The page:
With the consent of the landowners, these detached territories, dotted here and there for about 20 kilometers along the river, have been eliminated one by one. Now, detached territories over a total stretch of more than 12 kilometers have been eliminated. The recent rumor actually stemmed from the latest elimination of an isolated plot of the land in December last year.

After an about 15-minutes walk north from JR Hashimoto Station (in Sagamihara), I came across the Sakai River. A plot of land beyond the river across Kotobuki Bridge is part of Machida. I spoke with Yoshiyuki Hiruma, the 73-year-old head of a neighborhood association in Machida.

The latest elimination of an isolated plot occurred right around this area. Oyama-machi Mitsume Hiroba open space, which is located on the north side of the river and had long been a piece of detached land of Sagamihara, has also been incorporated into Machida recently.

The plot of land, which was once located beyond the river, at least to Hiruma and his neighbors, became absorbed into Machida due to the river conservation work, and the open space was created. At the open space, Hiruma and other members of the neighborhood association mow the grass and take care of the flower gardens, and community events such as a summer festival and radio gymnastic exercises have been held. This means that they have repeatedly and unwittingly crossed the prefectural border, even without crossing the bridge.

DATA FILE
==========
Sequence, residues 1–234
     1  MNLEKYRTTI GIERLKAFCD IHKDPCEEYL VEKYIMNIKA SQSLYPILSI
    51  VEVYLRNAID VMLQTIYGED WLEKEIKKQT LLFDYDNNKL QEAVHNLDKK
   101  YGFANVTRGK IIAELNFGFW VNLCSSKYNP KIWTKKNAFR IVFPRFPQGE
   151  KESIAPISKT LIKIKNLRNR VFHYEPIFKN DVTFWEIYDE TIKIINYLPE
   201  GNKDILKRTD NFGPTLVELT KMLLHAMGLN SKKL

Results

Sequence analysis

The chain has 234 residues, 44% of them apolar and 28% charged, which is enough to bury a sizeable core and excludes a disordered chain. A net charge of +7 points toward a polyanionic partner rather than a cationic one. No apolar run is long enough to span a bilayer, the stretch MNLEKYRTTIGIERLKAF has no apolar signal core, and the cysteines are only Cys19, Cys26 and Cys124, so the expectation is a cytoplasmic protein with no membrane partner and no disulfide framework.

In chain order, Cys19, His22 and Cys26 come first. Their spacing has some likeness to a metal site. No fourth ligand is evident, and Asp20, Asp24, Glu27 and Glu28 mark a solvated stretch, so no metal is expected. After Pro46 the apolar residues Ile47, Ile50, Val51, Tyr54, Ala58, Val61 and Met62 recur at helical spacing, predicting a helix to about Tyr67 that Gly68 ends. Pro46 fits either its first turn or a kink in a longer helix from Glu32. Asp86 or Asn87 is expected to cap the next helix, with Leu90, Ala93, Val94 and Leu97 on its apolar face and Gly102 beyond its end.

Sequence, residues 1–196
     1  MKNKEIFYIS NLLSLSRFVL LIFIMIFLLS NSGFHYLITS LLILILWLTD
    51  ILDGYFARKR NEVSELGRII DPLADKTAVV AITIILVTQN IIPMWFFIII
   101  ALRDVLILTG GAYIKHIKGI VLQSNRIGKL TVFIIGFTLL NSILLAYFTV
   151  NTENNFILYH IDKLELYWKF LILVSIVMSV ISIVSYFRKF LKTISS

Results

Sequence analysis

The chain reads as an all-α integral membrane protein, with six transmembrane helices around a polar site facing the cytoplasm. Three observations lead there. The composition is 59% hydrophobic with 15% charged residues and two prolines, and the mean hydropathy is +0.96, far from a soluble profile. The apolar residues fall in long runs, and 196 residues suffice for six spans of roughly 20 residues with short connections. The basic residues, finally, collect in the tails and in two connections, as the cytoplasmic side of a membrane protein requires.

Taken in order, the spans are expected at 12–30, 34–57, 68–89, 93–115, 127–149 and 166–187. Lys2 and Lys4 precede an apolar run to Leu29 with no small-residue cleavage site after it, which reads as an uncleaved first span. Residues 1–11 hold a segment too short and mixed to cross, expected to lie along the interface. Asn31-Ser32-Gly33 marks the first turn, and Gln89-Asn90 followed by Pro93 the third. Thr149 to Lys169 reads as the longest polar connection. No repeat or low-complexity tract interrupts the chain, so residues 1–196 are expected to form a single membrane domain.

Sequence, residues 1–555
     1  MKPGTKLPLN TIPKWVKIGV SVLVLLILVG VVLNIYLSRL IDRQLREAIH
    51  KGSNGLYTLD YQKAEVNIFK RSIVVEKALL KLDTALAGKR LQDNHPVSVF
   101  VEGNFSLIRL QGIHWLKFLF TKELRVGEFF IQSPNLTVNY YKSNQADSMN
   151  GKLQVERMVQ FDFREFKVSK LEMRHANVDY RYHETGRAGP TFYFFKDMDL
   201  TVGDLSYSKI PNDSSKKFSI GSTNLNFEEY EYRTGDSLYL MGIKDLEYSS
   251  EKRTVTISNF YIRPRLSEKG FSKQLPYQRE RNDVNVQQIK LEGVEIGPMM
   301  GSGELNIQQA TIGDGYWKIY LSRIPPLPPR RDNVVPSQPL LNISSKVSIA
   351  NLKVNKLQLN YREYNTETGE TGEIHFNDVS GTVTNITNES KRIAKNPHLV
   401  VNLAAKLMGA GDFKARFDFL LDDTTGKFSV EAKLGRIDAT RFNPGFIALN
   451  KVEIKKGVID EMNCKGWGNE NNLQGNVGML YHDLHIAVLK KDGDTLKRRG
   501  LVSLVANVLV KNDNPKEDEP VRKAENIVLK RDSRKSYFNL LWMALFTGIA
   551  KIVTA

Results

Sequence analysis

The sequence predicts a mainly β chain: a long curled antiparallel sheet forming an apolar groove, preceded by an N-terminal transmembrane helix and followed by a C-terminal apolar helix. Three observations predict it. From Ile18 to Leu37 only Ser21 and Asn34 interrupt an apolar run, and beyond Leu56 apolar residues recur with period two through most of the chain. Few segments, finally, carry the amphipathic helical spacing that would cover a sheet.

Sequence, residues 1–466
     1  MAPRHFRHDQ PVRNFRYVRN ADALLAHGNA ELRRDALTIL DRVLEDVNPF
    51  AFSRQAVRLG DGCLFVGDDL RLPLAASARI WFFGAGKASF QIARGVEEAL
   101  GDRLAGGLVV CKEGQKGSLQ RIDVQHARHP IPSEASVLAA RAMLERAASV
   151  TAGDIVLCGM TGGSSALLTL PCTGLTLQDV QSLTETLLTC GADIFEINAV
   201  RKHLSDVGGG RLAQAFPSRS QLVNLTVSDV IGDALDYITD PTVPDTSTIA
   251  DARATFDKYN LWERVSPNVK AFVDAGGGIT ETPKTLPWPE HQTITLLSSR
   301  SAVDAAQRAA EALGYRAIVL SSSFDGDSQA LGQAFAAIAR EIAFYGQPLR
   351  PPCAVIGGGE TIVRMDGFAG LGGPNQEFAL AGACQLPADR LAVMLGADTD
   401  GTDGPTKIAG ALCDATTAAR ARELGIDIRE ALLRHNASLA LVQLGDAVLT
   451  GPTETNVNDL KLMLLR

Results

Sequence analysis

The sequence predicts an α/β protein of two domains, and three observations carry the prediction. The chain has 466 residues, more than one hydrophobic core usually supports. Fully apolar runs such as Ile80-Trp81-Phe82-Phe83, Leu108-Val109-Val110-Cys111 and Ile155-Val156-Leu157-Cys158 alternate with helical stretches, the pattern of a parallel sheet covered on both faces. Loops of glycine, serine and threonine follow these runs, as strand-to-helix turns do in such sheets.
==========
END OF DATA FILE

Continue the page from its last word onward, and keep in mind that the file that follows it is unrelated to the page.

Hiruma said he was not aware of the rumor, which had much to do with an unusual development connected to the river. “It seems strange that the open space, which we have long been familiar with, belonged until recently to Kanagawa Prefecture. As it has now become part of Machida, both in name and reality, we have to use it ever more carefully,” Hiruma said with a wry smile.

Separate provinces, connected people

According to Hideo Kuwahara, 81, who is knowledgeable about the history of the Sakai River and also serves as a tourist guide in Machida, a record on a land survey conducted in the 16th century at the order of warlord Toyotomi Hideyoshi states that there was “a river called the Sakai River, bordering the provinces of Sobu (Sagami and Musashi).” With this description, we learn that the river was considered, even in those bygone days, as a boundary between the two provinces of Sagami and Musashi.

There are also plenty of rumors related to this river from olden times. For instance, a kappa, a water goblin that mainly haunts rivers, was witnessed to have dragged into the river some of those who were on their way from the Machida side to pay a visit to a shrine on the Sagamihara side. There was also a bridge popularly dubbed a “relationship-dissolving bridge” that was loathed by people because a bride was said to have disappeared during her nuptial procession crossing the river via the bridge.

“The Sakai River not only separated the provinces, it also served as [a waterway] across which people living on either side interacted vigorously with each other,” Kuwahara said. “Even

today, with the issue of the detached plots, it has given birth to various dramas in local communities.”